Statement of Intent 1 July 2006 - 30 June 2009
The SOI is our three-year forward-looking picture of Reserve Bank activities. It covers our work by function, and highlights the Strategic Priorities, the big and important things we will be doing this year, as well as all the business as usual.
A new five-year Funding Agreement was ratified by Parliament last year. In this we recognised that there would be more demands on our policy outputs in a changing economic environment, and that we would need to replace obsolete systems and effectively mitigate a number of risks. This SOI represents our first formal opportunity to review our priorities.
In monetary policy, we still face considerable challenges. While growth in economic activity has begun to slow down, the economy is still showing pressures from a sustained period of growth and demand for limited resources. The upward shift in oil prices in recent years has added to the mix. These factors together have moved actual and projected inflation temporarily above our target band, widened the current account deficit, reduced household savings, and caused wage pressures as skill shortages persist. This has necessitated high interest rates, by world standards, and the exchange rate, while softening, remains at high levels.
It is vital that the Bank’s economic toolkit is adequate to the task of keeping up with the changing nature of our economy. In this SOI, we have set strategic priorities for replacing or redeveloping the current forecasting model and investigating how we can best maintain price stability without causing unnecessary damage to the exporting sector.
Within a three-year context, we can expect to see a strong line of continuity between one year’s strategic priorities and the next. Where last year, for instance, we developed policies on fundamental banking regulatory issues – such as outsourcing, the Basel II capital adequacy regime for banks, local incorporation, and bank-failure management – implementing these policies will be carried forward in 2006/07. We will also be contributing to a review of the supervision of the non-bank financial sector.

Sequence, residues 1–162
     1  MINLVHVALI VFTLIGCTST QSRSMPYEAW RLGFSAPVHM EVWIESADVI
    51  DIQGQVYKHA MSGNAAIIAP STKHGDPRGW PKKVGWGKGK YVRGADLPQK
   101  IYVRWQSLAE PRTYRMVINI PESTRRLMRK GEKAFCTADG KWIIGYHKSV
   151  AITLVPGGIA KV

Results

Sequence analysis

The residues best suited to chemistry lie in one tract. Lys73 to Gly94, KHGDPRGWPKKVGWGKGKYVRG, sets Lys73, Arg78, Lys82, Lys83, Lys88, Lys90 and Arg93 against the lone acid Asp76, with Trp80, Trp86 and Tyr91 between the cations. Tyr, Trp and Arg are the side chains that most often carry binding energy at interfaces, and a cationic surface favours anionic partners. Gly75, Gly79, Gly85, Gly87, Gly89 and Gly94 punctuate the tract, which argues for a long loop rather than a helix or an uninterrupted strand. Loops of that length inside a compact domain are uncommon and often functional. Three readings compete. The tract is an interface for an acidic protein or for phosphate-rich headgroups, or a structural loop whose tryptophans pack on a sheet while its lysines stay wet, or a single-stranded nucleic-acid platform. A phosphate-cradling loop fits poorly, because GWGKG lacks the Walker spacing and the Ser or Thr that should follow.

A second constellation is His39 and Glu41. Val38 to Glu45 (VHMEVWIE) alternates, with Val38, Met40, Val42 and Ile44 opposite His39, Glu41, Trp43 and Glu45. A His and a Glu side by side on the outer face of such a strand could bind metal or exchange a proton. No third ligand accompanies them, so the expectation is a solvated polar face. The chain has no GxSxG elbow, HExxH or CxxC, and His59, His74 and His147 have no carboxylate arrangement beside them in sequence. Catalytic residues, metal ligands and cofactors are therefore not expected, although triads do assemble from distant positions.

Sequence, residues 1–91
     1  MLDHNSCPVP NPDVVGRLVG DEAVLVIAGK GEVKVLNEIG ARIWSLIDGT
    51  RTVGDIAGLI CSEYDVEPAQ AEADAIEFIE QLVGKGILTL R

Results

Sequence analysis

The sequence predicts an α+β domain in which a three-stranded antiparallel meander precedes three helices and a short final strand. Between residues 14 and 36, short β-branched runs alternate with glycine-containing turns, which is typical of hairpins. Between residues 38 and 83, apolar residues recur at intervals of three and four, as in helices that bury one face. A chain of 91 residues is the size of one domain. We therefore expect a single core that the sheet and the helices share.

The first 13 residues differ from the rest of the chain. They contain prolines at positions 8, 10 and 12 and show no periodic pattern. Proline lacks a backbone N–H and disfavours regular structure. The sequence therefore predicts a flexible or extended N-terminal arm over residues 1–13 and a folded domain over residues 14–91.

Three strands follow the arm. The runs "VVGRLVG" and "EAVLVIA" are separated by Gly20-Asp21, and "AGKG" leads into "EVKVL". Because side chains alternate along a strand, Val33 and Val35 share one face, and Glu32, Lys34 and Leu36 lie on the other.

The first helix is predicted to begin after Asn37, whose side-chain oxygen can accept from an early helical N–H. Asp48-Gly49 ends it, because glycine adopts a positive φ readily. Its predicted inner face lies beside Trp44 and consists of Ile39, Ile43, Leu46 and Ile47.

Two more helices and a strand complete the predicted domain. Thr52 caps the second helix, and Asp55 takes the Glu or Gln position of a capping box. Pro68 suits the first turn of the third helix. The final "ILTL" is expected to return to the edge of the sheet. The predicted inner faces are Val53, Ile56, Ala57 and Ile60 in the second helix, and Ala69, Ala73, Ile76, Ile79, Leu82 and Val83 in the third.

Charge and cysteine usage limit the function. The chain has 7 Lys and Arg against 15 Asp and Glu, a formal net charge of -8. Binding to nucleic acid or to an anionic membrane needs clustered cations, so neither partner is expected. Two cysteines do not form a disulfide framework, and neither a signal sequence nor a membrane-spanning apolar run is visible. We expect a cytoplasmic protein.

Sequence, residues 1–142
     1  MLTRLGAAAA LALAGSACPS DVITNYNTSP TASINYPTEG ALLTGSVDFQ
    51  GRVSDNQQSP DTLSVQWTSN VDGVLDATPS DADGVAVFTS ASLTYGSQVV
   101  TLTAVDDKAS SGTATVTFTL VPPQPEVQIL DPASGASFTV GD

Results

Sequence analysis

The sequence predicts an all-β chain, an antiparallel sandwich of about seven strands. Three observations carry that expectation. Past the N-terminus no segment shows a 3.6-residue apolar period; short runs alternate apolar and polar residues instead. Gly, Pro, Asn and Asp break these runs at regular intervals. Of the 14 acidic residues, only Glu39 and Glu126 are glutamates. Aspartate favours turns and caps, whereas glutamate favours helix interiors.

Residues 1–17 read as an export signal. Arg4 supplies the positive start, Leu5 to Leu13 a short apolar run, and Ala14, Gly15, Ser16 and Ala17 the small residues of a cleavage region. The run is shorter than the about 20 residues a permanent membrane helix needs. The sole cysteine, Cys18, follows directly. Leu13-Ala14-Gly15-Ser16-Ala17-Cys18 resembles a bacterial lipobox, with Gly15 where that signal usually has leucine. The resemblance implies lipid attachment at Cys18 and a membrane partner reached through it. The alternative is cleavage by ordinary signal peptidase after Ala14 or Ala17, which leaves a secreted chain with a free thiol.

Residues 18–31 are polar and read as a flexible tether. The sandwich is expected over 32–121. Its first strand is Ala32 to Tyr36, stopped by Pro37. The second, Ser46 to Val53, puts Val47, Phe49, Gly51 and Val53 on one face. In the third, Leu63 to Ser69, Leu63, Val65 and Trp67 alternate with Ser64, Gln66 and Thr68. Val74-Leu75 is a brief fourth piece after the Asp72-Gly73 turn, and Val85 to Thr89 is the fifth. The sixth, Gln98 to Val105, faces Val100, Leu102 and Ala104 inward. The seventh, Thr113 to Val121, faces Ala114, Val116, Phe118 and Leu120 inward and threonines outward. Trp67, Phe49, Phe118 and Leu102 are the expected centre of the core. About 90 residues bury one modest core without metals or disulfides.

Similarly, where we readied our currency systems in 2005/06 for the design and production of new ‘silver’ coins, implementing this modernisation of our coinage will be a key task for the coming year. A public awareness campaign has been launched for the introduction of smaller and lighter 10 cent, 20 cent, and 50 cent coins, and the withdrawal of the 5 cent coin from circulation. Logistically, this will be the biggest currency change since decimalisation in 1967 – a change that will deliver considerable savings to the New Zealand taxpayer.
We must always ensure we have good management skills, to enable us to manage our functions and resources. In 2005/06, we initiated programmes to develop the leadership potential among our managers and enhance communication between teams that are spread across quite varied and specialist functions. We will build on the progress achieved in 2005/06 in enhancing our managers’ leadership skills.
Finally, in our priorities for 2006/07 we will also review the structure of the Bank’s balance sheet to ensure that it best meets the statutory requirements of the Bank – that is, monetary policy, currency, bank liquidity, and foreign reserves.
The five-year Funding Agreement recognised that, in meeting the challenges outlined in this SOI and its predecessor, we can no longer sustain past decisions to defer investment. The Bank’s ability to operate in the current demanding environment will be supported by changes to several back-office systems. We are upgrading our financial reporting, web capability, document management, and forecasting and data systems, while further investment is needed to ensure continuity of operation in the event of major disasters. A new public heritage museum to be opened in Wellington later in 2006 will offer a new window on the Bank, its history and valuable currency artefacts, as well as the role it plays in the New Zealand economy today.
The Bank will endeavour to achieve its strategic and day-to-day goals with the continued best interests of the New Zealand economy and taxpayers in mind.
15 June 2006